Luxury MPVs are coming of age and the Kia Carnival and Toyota Vellfire - expected to go on sale in the not too distant future - are among the first.
Luxury people-movers are having something of a renascence. The first car of the type to go on sale was the MB 100/140 from Mercedes and that was back in 1999. It was spacious, relatively comfortable and reasonably refined. It, however, didn’t impress luxury car customers much and, as a result, not too many were sold. Mercedes stopped selling it in 2001. Now, after a gap of 18 years, the carmaker has put the considerably more luxurious V-class on sale.
And keen to join the fray this time around are both Toyota and Kia. Toyota, with the Vellfire, is targeting the same sort of customer Mercedes is looking at, and Kia, with its Carnival, is more interested in Innova upgraders.
First up, Toyota’s cruiser. One thing is for sure, the Vellfire won’t be cheap. Toyota insiders say you can expect a price of around Rs 75 lakh. The reason for this is that the car will be imported as a fully built-up unit under the government’s 2,500 car import rule. Only 200 units will be initially imported when the car goes on sale in the coming months, and, from what we hear, the Toyota will only be powered by a petrol-hybrid powertrain that pairs a 150hp, 2.5-litre engine and a 143hp electric motor, which make a combined maximum of 197hp.
Typical Camry-like interior on the Vellfire may not go down well at this price.
Unlike its sister car, the Alphard, the Vellfire gets a restyled front end. That massive Audi-like ‘Bulgarian beard’ is missing. In its place, however, is an even more outlandish grille with massive chrome bands, delivering something of a deconstructed feel. Although the design looks a touch heavy-handed, it will get your attention for sure. And what you won’t be able to ignore either is the huge floating roof, and the chrome-lined B-pillar that actually leans forward.
What’s likely to be an even bigger draw is the ‘Executive Lounge’ package. It includes two large throne-like business-class seats on the second row that can be reclined, with foot extensions popping out as on an airline seat. The seats are ventilated, and the car sold in India could have a massive screen placed in between the first and second row. The Vellfire will get kit like two sunroofs, three-zone climate control, mood lighting, individual tray tables, seven airbags and an option of a black or beige interior. How Indian customers will react to the powered sliding doors is anybody’s guess.
Vellfire’s business class-like second-row seats will be special.
The sliding doors are a feature that’ll be seen on the Kia Carnival as well. The most accessible of the new crop of luxury MPVs is likely to go on sale only in early 2020. To be part-assembled in India and sold at an expected price between Rs 25 and 26 lakh, the Carnival will be an interesting step up from the Innova.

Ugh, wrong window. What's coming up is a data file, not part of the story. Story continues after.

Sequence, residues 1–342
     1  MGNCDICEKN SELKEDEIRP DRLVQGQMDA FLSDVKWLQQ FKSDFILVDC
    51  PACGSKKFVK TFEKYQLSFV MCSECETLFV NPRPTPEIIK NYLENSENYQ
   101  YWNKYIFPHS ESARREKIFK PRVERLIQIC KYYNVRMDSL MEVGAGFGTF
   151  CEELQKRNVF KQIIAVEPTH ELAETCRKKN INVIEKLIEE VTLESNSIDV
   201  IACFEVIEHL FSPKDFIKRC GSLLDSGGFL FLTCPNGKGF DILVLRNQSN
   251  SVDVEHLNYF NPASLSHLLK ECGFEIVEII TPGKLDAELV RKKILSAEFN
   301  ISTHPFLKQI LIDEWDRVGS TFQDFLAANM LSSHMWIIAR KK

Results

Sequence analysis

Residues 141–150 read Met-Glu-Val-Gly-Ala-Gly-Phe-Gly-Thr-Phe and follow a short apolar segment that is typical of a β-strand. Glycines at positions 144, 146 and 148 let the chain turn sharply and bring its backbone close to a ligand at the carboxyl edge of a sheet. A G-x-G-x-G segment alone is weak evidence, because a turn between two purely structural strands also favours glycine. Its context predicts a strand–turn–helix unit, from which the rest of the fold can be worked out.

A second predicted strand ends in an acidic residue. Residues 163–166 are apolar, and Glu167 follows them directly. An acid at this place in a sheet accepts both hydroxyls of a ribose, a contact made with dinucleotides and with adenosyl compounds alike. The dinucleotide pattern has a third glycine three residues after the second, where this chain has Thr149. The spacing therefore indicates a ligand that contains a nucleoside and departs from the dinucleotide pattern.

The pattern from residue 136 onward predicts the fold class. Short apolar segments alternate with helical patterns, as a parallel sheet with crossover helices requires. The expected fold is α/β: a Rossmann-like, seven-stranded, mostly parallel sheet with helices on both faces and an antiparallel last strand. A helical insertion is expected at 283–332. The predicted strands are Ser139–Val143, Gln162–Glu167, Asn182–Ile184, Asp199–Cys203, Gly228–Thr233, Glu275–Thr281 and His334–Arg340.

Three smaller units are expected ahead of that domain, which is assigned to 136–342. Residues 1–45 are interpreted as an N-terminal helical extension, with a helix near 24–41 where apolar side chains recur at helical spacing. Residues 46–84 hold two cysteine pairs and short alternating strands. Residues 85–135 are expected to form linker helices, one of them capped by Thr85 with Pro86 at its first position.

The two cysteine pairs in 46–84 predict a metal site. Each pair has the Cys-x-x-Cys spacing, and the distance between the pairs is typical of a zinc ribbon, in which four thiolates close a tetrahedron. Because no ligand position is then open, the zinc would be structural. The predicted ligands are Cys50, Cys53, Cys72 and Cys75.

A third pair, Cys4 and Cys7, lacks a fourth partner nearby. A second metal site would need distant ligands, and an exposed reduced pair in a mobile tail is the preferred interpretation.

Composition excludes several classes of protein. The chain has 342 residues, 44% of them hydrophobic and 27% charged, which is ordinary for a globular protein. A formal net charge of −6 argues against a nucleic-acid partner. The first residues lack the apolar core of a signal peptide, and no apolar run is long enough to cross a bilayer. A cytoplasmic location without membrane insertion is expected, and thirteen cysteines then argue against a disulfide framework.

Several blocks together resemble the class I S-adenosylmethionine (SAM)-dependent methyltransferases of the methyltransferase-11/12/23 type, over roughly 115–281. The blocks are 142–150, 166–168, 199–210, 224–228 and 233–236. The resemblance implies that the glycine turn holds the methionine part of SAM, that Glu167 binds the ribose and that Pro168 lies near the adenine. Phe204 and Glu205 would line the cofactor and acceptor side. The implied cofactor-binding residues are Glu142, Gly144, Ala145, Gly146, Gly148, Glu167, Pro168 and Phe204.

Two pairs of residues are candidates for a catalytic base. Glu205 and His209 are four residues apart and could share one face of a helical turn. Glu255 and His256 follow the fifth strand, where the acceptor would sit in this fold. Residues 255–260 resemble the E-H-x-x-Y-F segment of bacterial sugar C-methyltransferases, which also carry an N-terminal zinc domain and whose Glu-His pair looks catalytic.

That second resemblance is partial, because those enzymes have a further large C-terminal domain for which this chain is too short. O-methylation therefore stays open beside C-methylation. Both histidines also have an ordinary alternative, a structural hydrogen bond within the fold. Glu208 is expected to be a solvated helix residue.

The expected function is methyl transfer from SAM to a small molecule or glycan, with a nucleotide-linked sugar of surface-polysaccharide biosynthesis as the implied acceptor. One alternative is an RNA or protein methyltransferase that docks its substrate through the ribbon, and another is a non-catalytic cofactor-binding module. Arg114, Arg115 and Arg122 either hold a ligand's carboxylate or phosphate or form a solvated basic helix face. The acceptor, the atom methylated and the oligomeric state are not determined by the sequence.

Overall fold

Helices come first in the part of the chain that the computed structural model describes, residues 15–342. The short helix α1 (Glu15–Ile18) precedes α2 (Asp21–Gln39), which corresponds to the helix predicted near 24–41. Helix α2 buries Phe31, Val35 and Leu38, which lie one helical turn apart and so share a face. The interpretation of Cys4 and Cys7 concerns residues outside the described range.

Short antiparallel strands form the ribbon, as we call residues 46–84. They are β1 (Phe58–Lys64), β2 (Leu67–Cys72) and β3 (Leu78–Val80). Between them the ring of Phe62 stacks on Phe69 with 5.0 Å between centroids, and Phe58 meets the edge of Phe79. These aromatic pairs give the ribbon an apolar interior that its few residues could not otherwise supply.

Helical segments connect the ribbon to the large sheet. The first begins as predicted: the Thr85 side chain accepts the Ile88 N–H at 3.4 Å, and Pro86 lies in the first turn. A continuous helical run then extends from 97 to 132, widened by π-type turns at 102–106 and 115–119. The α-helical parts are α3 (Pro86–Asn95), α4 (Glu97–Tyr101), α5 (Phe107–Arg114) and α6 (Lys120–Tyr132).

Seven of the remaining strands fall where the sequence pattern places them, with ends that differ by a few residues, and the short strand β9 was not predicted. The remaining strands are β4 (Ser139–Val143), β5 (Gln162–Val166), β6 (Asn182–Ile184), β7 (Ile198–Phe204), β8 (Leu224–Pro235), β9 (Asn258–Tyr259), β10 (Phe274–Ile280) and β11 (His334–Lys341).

Also sold as the Sedona in some markets, Kia says the Carnival will sit a half or full segment above the Toyota Innova, depending on spec. And truth be told, there’s a lot Kia can ‘load’ onto it. Stuff like connected car technology, a large touchscreen infotainment system, two sunroofs, three-zone climate control, and loads of safety kit. What will impress some of the more luxury-oriented buyers will be the superior build quality, a luxury car-like dash and large captain’s chairs on the second row with ‘Lazyboy’-like extensions to prop up your feet.
Car-like interior quality and feel on the Carnival will be a major draw here.
There will also be plenty of space on the inside. To begin with, the Kia is built around a more efficient monocoque chassis and it is 380mm longer and 155mm wider than the Innova Crysta. The exterior dimensions are impressive for sure; it measures 5,115mm in length, 1,985mm in width, and 1,740mm in height.
Also, what will make access to the third row easier is the fact that the Kia is lower-slung for easier ingress and egress. The roof at the rear is slightly lower and, as a result, the seat is placed a bit lower too. But legroom should be good thanks to the extra length.
Focus here is clearly on the second row captain seats.
Configured and built originally for the US, there’s also a fair bit of boot space in the rear, even with all three rows up. And this can be further augmented by opening the boot floor; at least three soft bags can sit here. Some versions even have a motorised third row.
The Carnival for India is likely to be offered with a 2.2-litre, four-cylinder turbocharged diesel, with power sent to the front wheels. The engine produces 202hp at 3,800rpm and 441Nm of torque between 1,750-2,750rpm. A 6-speed automatic is likely to be the gearbox of choice, though a 6-speed manual will also be available.
With traffic now slowing to a crawl and with us having to spend a lot of our time stuck in it, is it any wonder that cars like these are getting more popular?